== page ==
“Greek newspapers have also reported that people flying abroad – including nuns, priests and the unemployed – are being stopped at Athens airport with suitcases full of euros.”

http://www.dailymail.co.uk/news/article-2050895/Greek-fat-cats-secretly-shifted-200bn-euros-Swiss-bank-accounts.html

But why are the wealthy having to route funds through Cyprus and why is anybody being stopped at the Athens airport? Did I miss something? Have controls already been imposed on euros being taken out of the country?

jmo October 24, 2011 at 11:01 am

Yes, that’s what I don’t understand. Why not wire the money?

Unless the cash is being moved from one safe deposit box to another….

prior_approval October 24, 2011 at 11:54 am

Not exactly bingo, but close enough – it isn’t a bank run, it is a tax run. Greeks aren’t really poor – after all, owning the world’s largest merchant fleet is not exactly trivial (apparently 50% of all EU ships, 18% worldwide, with a particular focus in tankers and bulk good carriers) – but they don’t pay taxes.

And there is a worldwide network of people who speak Greek who understand the particular needs of Greek money seeking a new home beyond the threat of being taxed (any port in a storm, after all – and Greeks are well represented in any number of ports). Though it tends to be a service which requires a certain amount of untraceable currency to function – luckily, those 500 euro notes are well suited for just such transactions (what, does anyone think that printing such large notes was an accident on the part of the ECB?)

Greece’s crisis is about fraud and a marked lack of interest in paying back anyone stupid enough to lend to Greece – pretending otherwise is just silly.

Sergio October 24, 2011 at 8:20 am

Argentina did it in early 2000s when thy broke the 1 to 1 exchange rate with the dollar. The result: a transfer of assets from the population to the goverment.

Michael G Heller October 24, 2011 at 10:12 am

Actually I had this doubt about the proposal too, though I suppose it goes under the heading of devaluation and what you make of that. But Sergio you will remember that the rationale for establishing currency board in Argentina (a measure of desperation) was to find some way of disciplining government spending. The tzar who set up the currency board was the same man who pulled it down, D Cavallo. He was as fallible as any other human, but his ideas and his technocratic team were better than any other on offer, and he must have felt the sense of pain and failure like every other Argentine.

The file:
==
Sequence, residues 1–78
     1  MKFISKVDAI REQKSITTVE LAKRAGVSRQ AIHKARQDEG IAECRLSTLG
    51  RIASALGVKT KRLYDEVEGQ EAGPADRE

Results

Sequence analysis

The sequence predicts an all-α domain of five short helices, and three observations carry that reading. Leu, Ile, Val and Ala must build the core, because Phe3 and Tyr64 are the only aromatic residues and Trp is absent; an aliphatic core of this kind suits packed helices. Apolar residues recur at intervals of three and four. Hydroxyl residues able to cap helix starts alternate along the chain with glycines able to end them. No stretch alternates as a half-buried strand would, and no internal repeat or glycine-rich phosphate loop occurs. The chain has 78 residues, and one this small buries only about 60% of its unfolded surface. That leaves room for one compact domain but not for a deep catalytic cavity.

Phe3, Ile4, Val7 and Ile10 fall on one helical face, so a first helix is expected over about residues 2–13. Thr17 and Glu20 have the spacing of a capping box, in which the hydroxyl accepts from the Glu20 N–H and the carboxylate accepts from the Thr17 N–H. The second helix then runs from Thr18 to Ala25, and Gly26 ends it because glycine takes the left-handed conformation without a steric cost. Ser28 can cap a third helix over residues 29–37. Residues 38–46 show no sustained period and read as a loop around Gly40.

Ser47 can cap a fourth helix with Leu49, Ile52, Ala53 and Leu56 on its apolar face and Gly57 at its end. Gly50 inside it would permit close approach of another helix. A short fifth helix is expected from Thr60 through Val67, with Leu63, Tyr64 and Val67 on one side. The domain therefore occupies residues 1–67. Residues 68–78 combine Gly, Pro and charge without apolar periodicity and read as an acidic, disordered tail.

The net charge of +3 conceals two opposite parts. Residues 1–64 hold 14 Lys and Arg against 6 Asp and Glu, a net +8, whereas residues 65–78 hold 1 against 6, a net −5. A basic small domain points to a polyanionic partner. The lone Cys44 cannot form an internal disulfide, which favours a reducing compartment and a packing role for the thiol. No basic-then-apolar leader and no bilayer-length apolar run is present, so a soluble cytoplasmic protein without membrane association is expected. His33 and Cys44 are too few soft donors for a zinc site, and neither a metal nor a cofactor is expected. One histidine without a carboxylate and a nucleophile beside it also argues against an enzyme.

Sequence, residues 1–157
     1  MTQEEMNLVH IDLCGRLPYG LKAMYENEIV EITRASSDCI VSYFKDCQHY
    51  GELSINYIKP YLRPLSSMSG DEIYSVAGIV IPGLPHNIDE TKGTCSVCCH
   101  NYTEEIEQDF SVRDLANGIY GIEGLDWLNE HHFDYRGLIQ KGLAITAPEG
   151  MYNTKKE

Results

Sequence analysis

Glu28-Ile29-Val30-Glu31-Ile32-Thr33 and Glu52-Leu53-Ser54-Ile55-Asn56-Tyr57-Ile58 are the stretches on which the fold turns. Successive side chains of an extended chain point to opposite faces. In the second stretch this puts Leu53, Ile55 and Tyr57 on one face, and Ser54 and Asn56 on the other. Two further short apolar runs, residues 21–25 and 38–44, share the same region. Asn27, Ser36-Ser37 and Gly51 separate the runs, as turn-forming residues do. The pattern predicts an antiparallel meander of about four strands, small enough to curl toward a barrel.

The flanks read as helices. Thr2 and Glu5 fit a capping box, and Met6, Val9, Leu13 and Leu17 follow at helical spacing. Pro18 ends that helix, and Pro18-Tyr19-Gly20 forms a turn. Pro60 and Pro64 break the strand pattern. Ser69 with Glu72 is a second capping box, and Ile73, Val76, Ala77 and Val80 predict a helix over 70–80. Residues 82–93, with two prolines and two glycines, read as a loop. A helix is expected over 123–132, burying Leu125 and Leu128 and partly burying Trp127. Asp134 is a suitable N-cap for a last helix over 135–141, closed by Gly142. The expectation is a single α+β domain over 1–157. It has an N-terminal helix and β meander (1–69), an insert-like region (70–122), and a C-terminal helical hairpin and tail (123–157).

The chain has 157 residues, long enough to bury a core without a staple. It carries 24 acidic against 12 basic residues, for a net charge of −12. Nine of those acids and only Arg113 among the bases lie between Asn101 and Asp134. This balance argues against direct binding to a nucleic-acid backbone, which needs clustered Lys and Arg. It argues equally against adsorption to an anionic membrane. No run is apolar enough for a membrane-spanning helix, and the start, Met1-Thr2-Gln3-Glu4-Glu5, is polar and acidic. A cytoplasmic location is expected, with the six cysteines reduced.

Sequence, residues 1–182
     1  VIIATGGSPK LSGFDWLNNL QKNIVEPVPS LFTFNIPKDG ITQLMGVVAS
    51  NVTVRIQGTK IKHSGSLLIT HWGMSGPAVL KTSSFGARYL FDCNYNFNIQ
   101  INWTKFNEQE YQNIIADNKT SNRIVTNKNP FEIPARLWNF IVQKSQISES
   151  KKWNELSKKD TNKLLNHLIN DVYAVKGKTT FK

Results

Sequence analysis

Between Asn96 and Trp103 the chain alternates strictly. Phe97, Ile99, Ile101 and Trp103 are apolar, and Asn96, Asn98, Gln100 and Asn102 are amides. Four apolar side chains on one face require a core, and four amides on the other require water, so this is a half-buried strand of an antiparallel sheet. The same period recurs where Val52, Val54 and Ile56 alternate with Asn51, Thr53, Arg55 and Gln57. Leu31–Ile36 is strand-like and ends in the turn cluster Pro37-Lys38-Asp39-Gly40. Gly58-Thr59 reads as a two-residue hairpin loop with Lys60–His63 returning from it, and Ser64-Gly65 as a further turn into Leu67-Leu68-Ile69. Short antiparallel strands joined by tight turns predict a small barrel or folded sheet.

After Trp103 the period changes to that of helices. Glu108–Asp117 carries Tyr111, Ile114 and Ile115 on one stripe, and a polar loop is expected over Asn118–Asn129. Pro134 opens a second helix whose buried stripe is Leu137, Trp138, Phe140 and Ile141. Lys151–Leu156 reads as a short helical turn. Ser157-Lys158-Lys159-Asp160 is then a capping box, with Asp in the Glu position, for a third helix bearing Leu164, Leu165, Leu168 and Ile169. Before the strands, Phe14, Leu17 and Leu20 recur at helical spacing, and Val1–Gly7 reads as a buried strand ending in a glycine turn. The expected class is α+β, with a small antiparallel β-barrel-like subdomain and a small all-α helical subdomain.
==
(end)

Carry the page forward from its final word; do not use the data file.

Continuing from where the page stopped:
It would be better to avoid the situation ever arising. The whole point was that once the exchange rate was fixed and government spending capped, Argentina would undertake structural reforms such as freeing up labour markets in order to make the economy competitive. This did not happen. Has not in Italy or Greece or Spain or Portugal either.

Instead, following 1995, there was a reversion to undisciplined expansionary macroeconomic policies. So D Cavallo, who had been forced out of office for pushing for several of the right kind of institutional reforms and combatting corruption, was eventually brought in again under another President to administer a new monetary medicine to counteract the first. Here again however the second medicine (breaking convertibility) had competitiveness as its overall objective.

I personally know ordinary people who lost a hell of a lot of purchasing power in 2001, though in Argentina it has always been thus. Tragically you could see an effective transfer of assets to government at the moment of currency conversion (I don’t know if this is inevitable) as correcting flaws of the taxation system in Argentina and Greece at one stroke.

The choice is federalize the European monetary union or break up/off. Both are difficult but neither need be catastrophic. The danger of delay is the bad blood coagulating because of unreasonable pressure for a deal between incompatible economic ideologies and national interests. If it’s a break up then either the surplus countries leave first, or deficit countries do. Tyler Cowen looked at the latter option. The people meeting in two days apparently refuse to talk about it.

Joseph Ward October 24, 2011 at 10:25 am

when a government won’t raise the usual taxes, they tax their bond holders (and their population as well) via inflation.

Michael G Heller October 24, 2011 at 11:03 am